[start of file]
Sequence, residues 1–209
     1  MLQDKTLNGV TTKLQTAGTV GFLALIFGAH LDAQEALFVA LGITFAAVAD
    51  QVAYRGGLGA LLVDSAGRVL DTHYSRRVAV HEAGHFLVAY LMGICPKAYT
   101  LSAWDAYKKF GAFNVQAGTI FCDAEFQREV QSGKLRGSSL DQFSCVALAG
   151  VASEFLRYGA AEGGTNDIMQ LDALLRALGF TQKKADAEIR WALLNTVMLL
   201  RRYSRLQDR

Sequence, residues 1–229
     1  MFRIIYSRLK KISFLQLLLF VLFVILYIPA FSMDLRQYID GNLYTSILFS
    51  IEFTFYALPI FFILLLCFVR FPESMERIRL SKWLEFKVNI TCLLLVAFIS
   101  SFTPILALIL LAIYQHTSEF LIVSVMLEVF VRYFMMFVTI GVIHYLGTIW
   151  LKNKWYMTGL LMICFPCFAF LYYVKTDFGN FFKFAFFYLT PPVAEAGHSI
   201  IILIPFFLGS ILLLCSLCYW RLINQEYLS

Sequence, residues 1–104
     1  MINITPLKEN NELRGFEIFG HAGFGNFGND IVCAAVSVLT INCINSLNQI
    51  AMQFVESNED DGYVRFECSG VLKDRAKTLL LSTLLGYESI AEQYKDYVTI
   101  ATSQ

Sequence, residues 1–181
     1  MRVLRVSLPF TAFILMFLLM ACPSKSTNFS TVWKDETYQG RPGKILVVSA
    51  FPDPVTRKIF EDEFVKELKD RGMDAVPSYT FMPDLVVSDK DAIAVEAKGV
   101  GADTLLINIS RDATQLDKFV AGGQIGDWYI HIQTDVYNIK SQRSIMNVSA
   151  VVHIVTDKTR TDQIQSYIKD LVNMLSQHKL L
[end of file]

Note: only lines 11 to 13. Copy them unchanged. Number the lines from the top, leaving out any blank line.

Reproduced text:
   151  LKNKWYMTGL LMICFPCFAF LYYVKTDFGN FFKFAFFYLT PPVAEAGHSI
   201  IILIPFFLGS ILLLCSLCYW RLINQEYLS

Sequence, residues 1–104